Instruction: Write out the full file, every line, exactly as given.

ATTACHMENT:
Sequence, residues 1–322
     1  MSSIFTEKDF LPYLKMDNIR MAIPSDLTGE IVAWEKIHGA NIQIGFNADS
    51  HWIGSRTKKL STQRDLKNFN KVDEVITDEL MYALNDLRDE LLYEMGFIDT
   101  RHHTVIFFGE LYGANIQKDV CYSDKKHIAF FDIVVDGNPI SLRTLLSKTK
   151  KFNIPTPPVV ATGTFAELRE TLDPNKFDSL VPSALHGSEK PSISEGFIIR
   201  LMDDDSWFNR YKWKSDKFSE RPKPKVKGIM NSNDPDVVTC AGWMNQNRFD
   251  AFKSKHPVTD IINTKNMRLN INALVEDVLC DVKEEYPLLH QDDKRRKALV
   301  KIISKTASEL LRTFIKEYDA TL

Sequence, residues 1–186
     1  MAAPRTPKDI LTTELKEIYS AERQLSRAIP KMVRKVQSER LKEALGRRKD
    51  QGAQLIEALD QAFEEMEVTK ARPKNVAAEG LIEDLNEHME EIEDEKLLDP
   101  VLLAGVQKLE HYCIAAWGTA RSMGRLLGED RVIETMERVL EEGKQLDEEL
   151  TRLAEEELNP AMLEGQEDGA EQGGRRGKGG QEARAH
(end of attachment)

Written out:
Sequence, residues 1–322
     1  MSSIFTEKDF LPYLKMDNIR MAIPSDLTGE IVAWEKIHGA NIQIGFNADS
    51  HWIGSRTKKL STQRDLKNFN KVDEVITDEL MYALNDLRDE LLYEMGFIDT
   101  RHHTVIFFGE LYGANIQKDV CYSDKKHIAF FDIVVDGNPI SLRTLLSKTK
   151  KFNIPTPPVV ATGTFAELRE TLDPNKFDSL VPSALHGSEK PSISEGFIIR
   201  LMDDDSWFNR YKWKSDKFSE RPKPKVKGIM NSNDPDVVTC AGWMNQNRFD
   251  AFKSKHPVTD IINTKNMRLN INALVEDVLC DVKEEYPLLH QDDKRRKALV
   301  KIISKTASEL LRTFIKEYDA TL

Sequence, residues 1–186
     1  MAAPRTPKDI LTTELKEIYS AERQLSRAIP KMVRKVQSER LKEALGRRKD
    51  QGAQLIEALD QAFEEMEVTK ARPKNVAAEG LIEDLNEHME EIEDEKLLDP
   101  VLLAGVQKLE HYCIAAWGTA RSMGRLLGED RVIETMERVL EEGKQLDEEL
   151  TRLAEEELNP AMLEGQEDGA EQGGRRGKGG QEARAH